New Delhi: On the Friday before last, as Sachin Tendulkar left the field to a standing ovation and a river of tears at the Wankhede Stadium in Mumbai, Virat Kohli was the next man walking out to bat.
He hit a boundary off the first ball he faced, but it didn’t seem to register on anyone’s mind, such was the glow of the man who had just walked off the ground.
A day later, as Tendulkar strode to the pavilion with his face hidden under his white floppy hat, trying to hide the tears that flowed upon the conclusion of his journey as an international cricketer, the man wiping away a tear immediately behind him was Kohli.
A few minutes later, as he had done after the World Cup victory at the same venue in 2011, Kohli helped hoist the little legend above the other teammates, security personnel and random hangers-on and take him around the ground on a lap of honour.
These three moments are strangely poetic, for Kohli is the man who has replaced Tendulkar as the carrier of the expectations of a billion on his shoulders every time he walks out to bat.
It's true that the primary theatre of Tendulkar’s magnificence was ODI cricket, where he pushed the boundaries of the humanly possible far into the stratosphere, but unlike his slow start in the format, Kohli has got off the blocks in a mad dash, and looks poised to obliterate the master’s seemingly unattainable records.
As the Indian team prepares to face the West Indies in the second ODI in Visakhapatnam, Kohli, at the age of 25 years and 19 days, will be playing his 121st match in the format. That means, fitness and form permitting, Kohli could break Tendulkar’s record of 463 ODIs, especially given the frequency at which India play ODIs.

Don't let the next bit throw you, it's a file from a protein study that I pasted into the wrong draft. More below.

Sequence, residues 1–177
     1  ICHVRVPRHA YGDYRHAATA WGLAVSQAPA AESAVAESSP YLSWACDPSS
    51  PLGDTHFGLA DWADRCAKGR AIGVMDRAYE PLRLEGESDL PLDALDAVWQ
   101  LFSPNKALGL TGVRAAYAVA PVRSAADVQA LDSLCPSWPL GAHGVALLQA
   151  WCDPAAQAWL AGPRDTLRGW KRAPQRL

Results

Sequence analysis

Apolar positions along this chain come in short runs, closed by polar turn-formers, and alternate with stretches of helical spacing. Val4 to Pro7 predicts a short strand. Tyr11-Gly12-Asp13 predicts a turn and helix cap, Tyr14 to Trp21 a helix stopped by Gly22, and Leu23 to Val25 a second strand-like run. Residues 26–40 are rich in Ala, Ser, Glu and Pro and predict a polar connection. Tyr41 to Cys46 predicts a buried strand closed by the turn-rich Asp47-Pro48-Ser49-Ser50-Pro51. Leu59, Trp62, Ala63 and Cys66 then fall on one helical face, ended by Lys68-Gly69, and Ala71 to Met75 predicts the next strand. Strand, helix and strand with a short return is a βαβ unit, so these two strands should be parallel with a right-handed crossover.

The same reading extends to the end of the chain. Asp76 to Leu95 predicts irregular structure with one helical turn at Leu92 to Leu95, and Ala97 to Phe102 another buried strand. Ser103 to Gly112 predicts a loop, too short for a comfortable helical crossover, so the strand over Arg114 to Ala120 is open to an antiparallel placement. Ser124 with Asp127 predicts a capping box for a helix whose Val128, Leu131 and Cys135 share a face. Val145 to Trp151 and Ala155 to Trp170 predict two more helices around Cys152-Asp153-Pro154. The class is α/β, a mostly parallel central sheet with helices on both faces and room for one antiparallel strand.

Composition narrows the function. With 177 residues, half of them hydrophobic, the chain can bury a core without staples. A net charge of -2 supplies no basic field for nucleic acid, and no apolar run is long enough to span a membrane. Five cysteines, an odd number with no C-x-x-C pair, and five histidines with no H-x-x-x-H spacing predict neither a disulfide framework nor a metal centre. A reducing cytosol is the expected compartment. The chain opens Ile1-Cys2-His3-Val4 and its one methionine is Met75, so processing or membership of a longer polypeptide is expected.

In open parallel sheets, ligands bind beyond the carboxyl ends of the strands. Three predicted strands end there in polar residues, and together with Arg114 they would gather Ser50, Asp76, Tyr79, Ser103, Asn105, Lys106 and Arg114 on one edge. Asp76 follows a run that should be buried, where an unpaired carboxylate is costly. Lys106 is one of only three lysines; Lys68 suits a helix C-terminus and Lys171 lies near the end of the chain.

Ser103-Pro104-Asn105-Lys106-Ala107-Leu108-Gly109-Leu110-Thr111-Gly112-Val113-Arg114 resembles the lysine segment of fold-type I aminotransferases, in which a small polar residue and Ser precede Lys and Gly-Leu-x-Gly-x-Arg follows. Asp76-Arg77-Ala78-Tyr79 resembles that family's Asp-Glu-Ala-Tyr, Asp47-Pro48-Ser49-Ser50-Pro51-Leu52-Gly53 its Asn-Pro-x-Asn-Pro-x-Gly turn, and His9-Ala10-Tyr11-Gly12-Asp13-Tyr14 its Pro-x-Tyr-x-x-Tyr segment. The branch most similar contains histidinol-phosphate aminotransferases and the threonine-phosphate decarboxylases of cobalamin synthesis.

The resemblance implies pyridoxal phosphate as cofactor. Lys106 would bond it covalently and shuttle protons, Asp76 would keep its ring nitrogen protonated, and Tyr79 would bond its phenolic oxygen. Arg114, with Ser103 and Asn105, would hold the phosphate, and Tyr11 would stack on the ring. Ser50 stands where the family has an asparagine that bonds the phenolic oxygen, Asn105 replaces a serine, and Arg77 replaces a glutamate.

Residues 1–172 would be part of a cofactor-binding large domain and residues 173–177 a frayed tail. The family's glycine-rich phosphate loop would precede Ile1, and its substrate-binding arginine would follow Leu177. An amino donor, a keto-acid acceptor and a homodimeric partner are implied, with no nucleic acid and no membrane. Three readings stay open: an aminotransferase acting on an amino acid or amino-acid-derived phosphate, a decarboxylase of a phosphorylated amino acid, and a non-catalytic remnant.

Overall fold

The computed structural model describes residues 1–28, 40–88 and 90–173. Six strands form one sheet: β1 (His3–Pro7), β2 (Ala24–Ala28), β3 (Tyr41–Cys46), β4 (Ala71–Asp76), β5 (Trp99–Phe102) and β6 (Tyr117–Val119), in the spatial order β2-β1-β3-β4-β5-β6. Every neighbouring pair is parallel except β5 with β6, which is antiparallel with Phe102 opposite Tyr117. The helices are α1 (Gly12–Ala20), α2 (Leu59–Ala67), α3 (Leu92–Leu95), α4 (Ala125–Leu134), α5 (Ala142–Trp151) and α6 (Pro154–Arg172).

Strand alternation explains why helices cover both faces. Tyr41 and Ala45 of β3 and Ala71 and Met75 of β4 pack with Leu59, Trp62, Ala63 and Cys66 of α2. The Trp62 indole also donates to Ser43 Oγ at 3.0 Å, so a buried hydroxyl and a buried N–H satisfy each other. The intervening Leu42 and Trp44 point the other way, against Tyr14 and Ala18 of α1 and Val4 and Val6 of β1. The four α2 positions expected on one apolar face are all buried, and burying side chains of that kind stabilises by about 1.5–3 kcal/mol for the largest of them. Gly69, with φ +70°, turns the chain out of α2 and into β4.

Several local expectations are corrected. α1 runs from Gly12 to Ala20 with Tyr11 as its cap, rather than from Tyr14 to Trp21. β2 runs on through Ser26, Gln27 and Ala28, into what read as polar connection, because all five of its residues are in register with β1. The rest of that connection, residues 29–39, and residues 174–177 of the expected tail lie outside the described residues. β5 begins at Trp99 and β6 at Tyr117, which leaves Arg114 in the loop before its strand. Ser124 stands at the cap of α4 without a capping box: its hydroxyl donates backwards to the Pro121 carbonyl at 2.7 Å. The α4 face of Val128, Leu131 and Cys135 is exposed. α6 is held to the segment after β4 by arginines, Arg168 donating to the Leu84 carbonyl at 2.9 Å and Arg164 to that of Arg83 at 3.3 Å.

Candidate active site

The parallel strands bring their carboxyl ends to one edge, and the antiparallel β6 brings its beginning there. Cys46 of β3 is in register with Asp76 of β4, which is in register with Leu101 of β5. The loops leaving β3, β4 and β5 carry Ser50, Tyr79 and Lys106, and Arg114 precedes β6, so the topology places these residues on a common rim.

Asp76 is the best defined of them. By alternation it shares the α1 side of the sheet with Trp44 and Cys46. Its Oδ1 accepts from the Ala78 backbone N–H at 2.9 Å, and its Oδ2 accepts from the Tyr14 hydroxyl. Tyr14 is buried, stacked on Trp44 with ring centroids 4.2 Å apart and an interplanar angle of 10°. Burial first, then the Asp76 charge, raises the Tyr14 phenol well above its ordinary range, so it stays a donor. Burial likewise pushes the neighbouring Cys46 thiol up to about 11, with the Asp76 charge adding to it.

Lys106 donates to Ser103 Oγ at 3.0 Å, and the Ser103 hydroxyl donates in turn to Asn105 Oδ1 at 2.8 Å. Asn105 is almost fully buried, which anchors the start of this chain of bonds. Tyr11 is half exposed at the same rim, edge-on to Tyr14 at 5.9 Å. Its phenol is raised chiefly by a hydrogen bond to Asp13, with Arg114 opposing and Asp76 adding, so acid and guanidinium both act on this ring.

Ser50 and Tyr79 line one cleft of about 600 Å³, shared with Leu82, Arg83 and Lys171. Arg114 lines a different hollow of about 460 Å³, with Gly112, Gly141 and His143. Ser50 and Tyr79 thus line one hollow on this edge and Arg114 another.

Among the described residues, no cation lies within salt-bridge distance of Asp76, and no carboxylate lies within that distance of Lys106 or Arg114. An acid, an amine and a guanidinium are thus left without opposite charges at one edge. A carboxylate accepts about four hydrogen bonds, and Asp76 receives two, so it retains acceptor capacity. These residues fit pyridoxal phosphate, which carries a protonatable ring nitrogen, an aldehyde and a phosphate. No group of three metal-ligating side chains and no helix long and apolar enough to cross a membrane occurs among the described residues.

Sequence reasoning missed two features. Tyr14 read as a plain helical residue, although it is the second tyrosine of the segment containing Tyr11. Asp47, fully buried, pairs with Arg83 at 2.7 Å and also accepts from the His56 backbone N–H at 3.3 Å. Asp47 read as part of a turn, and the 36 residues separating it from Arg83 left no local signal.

With 5,005 runs under his belt, he is realistically the only man within reach of the master’s 18,426. His 17 centuries are 32 shy of Tendulkar’s record.
But what is scarier for bowlers is the fact that his average is a mind-boggling 52.13, and he is three years short of the 28-year mark that, according to general consensus among the cricketing elite, begins the prime five-year phase of a batsman’s career.
There has been no shortage of game-changers in ODI cricket — be it the fear that Vivian Richards instilled in his opponents, the street-fighter instincts of Ricky Ponting, the poetry of Brian Lara or the all-round greatness of Jacques Kallis. But Kohli the batsman is fast rising above all these legends not only because of statistics but, like Tendulkar, in terms of the impact on the game and in the hearts of fans.
A master of the big chase, Kohli has a rare hunger to finish off the job before walking into the pavilion, and the wherewithal to tailor his approach to the nature of the job at hand. And that is exactly what’s making him better than the best.
Reproduced from Mail Today. Copyright 2013. MTNPL. All rights reserved.
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